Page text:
‘No freedom to do what I want’: What I-day means for children selling flags on the street

12-year-old Suja, who’s come from Rajasthan to Bengaluru with her family to sell flags, says Independence Day is just another day for work.
‘No freedom to do what I want’: What I-day means for children selling flags on the street
‘No freedom to do what I want’: What I-day means for children selling flags on the street
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Come August 15, and the words ‘freedom’ and ‘independence’ are everywhere, as is the Tricolour in all its avatars.

Amidst all the patriotic fervour, however, the hundreds of men, women and children who sell us the flags and let us wear our enthusiasm on our sleeves, are never noticed.

Standing on Bengaluru’s MG Road – burdened with small plastic and large cloth flags, tricolour stickers, badges and stuffed toys – is Suja*, a 12-year-old girl from Nohar village in Rajasthan. Every year, Suja and her family of five travel to Bengaluru in the month of August to sell flags for Independence Day.

“We came to Bengaluru on August 9. Every year, during Independence Day, we come to sell the flags near the parade ground (Manekshaw Parade Ground). It helps us earn a good deal of money,” she says.

Suja’s family isn’t alone in this, with many residents of remote villages in Rajasthan travelling all the way to Bengaluru to sell flags at various traffic signals in the city.

“This time, around 40 to 50 of us came together. We make the big cloth flags and also assemble the small plastic ones, which can be kept in cars and stuck to the bikes. The badges are painted well in advance before we come to the city,” narrates Suja’s mother Anumeha.

For Suja’s family, Independence Day brings in such a large bounty, compared to their meagre earnings back home, that it makes the long journey from Rajasthan to Bengaluru worth it.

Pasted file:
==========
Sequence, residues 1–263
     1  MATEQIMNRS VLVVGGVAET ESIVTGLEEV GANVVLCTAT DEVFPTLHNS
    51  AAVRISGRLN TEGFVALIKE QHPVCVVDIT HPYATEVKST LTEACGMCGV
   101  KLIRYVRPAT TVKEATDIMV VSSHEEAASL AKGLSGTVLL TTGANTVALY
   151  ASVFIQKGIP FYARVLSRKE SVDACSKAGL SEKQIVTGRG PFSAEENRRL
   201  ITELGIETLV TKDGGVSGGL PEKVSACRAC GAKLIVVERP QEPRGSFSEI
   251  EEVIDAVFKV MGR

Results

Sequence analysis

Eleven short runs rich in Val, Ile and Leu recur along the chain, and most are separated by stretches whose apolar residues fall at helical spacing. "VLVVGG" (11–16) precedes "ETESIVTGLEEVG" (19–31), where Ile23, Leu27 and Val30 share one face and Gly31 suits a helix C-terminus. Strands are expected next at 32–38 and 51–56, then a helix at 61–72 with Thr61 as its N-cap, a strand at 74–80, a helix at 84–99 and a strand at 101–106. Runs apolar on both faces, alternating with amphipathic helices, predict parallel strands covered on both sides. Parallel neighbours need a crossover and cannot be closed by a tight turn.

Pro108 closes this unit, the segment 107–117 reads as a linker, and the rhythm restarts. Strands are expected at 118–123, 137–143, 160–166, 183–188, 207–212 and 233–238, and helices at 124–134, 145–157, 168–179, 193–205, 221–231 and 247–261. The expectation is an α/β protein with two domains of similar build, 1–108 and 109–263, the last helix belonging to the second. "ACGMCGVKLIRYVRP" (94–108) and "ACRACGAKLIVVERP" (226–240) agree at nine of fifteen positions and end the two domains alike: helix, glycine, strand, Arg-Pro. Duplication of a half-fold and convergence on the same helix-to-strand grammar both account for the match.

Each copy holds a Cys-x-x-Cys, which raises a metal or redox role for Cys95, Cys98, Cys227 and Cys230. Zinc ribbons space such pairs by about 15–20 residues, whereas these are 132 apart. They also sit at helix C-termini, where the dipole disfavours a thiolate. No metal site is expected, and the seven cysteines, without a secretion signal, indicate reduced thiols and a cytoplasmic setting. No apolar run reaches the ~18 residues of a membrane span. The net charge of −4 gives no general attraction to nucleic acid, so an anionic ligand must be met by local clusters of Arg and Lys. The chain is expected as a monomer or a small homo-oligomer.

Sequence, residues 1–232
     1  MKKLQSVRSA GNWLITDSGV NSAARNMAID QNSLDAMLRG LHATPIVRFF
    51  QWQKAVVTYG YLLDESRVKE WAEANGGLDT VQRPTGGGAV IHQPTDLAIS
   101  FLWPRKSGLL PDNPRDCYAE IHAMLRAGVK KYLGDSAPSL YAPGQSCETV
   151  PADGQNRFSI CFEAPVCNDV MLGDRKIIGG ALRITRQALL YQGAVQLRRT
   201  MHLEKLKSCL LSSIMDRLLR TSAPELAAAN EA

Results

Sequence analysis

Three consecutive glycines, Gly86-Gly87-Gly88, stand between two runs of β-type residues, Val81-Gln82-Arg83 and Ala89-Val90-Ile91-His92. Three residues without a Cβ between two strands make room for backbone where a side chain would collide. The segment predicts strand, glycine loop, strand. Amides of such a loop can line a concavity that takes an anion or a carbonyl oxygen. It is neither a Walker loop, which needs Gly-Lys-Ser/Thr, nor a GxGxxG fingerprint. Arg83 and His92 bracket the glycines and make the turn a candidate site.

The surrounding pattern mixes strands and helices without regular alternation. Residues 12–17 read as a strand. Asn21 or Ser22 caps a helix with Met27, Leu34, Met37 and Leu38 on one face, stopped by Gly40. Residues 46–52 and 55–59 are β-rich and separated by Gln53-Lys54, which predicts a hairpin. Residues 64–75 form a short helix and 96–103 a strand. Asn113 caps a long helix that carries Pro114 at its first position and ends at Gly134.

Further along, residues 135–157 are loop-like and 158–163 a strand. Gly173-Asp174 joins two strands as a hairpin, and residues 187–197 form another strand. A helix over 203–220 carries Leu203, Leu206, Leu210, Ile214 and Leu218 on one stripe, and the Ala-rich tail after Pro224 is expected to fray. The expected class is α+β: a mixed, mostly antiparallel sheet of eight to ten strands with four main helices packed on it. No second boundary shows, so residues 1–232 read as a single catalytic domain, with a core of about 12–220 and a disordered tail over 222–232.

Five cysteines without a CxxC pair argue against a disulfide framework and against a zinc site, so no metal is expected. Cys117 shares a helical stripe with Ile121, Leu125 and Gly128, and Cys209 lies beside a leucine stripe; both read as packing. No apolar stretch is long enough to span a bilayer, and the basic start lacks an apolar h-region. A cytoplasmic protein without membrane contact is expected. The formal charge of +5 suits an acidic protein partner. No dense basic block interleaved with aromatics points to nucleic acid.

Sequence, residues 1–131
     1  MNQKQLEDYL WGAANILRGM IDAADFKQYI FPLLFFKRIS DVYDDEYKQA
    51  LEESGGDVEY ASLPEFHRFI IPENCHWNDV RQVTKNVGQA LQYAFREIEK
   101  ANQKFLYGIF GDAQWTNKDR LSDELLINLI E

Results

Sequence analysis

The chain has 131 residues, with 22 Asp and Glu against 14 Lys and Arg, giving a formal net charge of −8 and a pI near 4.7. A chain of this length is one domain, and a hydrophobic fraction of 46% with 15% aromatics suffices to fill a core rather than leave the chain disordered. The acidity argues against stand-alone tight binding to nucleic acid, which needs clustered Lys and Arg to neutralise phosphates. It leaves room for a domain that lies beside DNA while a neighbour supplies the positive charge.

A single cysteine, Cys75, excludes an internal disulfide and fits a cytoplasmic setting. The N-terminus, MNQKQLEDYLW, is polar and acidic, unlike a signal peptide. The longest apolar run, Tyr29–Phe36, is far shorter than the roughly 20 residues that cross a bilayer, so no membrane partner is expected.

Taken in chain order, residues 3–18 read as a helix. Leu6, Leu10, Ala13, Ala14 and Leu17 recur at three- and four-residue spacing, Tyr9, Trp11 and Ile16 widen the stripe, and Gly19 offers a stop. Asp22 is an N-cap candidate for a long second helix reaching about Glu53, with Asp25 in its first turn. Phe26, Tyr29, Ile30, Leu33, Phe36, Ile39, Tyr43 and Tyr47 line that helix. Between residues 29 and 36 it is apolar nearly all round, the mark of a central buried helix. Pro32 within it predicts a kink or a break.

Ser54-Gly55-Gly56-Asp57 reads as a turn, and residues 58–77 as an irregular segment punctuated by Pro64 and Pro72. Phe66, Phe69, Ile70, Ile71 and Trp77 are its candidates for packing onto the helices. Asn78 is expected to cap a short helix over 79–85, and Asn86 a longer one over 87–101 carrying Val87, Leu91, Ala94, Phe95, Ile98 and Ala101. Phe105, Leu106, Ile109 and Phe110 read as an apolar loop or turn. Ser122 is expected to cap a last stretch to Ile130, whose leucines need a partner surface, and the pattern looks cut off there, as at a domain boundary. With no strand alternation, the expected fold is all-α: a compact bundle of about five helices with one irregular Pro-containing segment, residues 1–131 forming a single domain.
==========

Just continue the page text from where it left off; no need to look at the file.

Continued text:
“We easily make Rs 5,000 in just one day. We usually start selling flags and badges two or three days before. Along with my family, my brother and his family have also come down. So have a few of my husband’s siblings’ families,” says Anumeha.

That Ganesh Chaturthi will soon be coming up is an added bonus for these families, she adds. “We try to make some more money by selling small Ganesha idols that can be kept in cars. With this money, we can sustain ourselves till Christmas, and we come back for New Year again.”

Forced to do their part to supplement their family’s earnings, Suja and her brother Vikram* do not attend school. “We can’t go to school because our mother forbids us to. We have to work. She said that people will buy more flags from children, as they find it difficult to turn us down. She said it is a duty to my family. I can’t go to school even if I want to,” Suja says.

It comes as no surprise that, for Suja, Independence Day is like any other day where she has to work to support her family.

“Freedom is being able to do what you want, right? I don’t have freedom,” Suja says matter-of-factly.

*Name changed on request.

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